On the Elephant Trail
We are in northern Thailand on a Hero Holiday, and having the adventure of our lives! In the world in which we are working in, nothing ever goes according to plan, and we now have a favorite saying: everything is TBA! The children’s home that we are working in now has over 100 kids, and things move slowly, because it is a real challenge to transport them and get from Point A to Point B. Yesterday, we faced the biggest challenge of them all: getting 135 people to the elephant conservation centre and back…did I mention that it was a 5 hour trip, that we woke up at 4:00am, and that when we got to the meeting place only one small bus showed up? Minor technicalities like that?
At first, we thought it was only a simple 3 hour tour, but the trip took on a Gilligan’s Island feel when you throw in the fact that there are now people riding in the back of the small pickups, that we couldn’t go very fast, that it rained at one point, and that there were lots of little people getting car sick on the side of the road. Now, it took on a whole new excitement! By the time we reached the elephant conservation area, we were ready to drop, but that was where the real fun began! The kids oohed and awwed at the elephants as they watched them play a giant xylophone, paint flowers with their trunks and curtsy for the crowds. They got to pet them (which, by the way,they are very bristly!) and be tickled by their trunks. It was worth it all to see them laugh and giggle, knowing where these children had come from and what their pain had been before they arrived at this home that we are helping at.
In the end, we all sat around the dinner table last night at 9:oopm (when we finally got to eat!) and laughed as we reminded ourselves of what a great story it would make when we got home. We laughed about the sore butts from the rough roads and the soggy feeling from the rain, and we had a true moment of bonding as we experienced something where we were all equals in that moment- there was no ‘us and them’. The bus and the trucks were a tangle of arms and legs, of little heads leaning on big shoulders, and of little hands resting in big hands that they could trust. This is what the world should be for children: that no matter what kind of circumstances they find themselves in, there should be someone there that they can lean on, someone to trust.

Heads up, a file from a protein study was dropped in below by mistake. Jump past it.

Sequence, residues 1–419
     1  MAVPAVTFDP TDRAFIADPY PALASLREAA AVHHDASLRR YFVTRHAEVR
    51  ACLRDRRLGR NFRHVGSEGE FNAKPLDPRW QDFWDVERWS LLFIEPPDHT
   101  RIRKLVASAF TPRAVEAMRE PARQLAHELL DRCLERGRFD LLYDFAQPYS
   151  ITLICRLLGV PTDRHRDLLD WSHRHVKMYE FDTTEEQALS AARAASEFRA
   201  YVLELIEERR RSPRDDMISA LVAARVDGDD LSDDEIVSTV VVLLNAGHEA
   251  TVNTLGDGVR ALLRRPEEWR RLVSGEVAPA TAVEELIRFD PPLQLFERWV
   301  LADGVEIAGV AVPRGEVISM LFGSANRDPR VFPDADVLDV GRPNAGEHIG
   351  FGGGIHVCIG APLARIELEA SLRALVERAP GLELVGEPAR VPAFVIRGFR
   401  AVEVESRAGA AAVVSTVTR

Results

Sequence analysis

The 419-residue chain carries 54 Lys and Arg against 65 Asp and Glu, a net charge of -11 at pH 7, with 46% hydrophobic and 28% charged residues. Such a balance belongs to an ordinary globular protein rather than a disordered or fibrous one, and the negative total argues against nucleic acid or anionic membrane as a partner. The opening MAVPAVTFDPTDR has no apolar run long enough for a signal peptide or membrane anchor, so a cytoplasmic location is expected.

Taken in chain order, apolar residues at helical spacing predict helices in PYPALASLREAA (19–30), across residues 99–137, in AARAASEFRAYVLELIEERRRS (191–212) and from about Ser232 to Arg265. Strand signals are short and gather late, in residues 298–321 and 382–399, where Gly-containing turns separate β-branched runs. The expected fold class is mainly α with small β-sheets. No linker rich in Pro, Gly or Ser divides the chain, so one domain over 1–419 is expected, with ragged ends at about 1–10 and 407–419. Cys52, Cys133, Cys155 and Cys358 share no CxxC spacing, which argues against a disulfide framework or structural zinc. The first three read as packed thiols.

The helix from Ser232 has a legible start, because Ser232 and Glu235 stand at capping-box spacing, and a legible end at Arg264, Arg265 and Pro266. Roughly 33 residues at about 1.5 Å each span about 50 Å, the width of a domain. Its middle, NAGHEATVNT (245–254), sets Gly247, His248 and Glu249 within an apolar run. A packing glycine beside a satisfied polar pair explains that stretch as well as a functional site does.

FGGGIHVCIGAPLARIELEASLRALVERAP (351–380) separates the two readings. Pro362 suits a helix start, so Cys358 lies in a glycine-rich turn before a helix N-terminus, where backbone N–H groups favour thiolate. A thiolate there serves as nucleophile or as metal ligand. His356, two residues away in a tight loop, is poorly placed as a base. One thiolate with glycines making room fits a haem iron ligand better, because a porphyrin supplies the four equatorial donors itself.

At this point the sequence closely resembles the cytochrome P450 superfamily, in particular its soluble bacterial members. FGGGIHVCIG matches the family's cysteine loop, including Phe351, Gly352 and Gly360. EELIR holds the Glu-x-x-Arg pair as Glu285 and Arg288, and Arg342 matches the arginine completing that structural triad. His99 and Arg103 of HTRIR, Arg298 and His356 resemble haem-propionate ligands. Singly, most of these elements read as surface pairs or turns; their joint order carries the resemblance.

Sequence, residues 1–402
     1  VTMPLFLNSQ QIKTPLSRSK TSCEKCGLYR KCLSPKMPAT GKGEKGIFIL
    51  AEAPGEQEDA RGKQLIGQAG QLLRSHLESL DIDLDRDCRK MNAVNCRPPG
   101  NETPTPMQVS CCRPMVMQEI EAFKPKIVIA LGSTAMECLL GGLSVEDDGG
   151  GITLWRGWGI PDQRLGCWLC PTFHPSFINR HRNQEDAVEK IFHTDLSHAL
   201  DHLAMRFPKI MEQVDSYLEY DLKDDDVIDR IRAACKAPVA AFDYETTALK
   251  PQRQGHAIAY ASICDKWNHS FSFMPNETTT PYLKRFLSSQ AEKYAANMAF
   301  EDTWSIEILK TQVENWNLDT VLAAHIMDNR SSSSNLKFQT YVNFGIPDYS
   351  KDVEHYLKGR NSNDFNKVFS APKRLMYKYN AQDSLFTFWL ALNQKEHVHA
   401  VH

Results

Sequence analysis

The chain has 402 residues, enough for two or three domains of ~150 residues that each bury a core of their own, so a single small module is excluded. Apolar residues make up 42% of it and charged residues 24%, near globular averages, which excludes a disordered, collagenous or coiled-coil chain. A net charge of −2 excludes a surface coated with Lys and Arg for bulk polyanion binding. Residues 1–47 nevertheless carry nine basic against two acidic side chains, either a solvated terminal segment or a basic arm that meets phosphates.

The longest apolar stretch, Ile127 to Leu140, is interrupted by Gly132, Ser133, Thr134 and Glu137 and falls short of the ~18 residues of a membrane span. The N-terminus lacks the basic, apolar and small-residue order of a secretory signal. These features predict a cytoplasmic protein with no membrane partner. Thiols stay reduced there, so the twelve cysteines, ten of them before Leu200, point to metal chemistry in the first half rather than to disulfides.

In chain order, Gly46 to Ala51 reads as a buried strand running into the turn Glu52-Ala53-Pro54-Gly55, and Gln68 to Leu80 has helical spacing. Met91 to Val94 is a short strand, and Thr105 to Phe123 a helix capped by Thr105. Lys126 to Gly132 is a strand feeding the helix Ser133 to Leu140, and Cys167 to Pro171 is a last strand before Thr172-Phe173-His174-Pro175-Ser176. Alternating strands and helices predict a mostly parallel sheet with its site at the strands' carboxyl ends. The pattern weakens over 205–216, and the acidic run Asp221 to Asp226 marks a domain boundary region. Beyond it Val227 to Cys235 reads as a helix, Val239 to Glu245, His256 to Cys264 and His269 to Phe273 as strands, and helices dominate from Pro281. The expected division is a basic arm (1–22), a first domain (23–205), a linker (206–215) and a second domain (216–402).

When we pulled into our property at the end of the day, we had a defining moment. In my vehicle, there were seven of us from the team crammed in the front, along with the food boxes and everyone’s bags. We were all incredibly tired, and focused on getting our cramped bodies to bed after a 15 hour day. But in the back of the truck was a different story: there was one of our team members and about 8 of the older children from the home…and they were singing and laughing at the top of their lungs as if they were just getting started on the day. To those kids, life was about more than a little discomfort and frustration-it is about enjoying the moment for what it is because every new day is a gift for you to experience.
This is how we are learning to make a difference. I have no promises about tomorrow, so even today I am going to race back to the house and make what I can of what is in front of me. There are beautiful, dirty little faces waiting to be loved and it is an honor to be among them…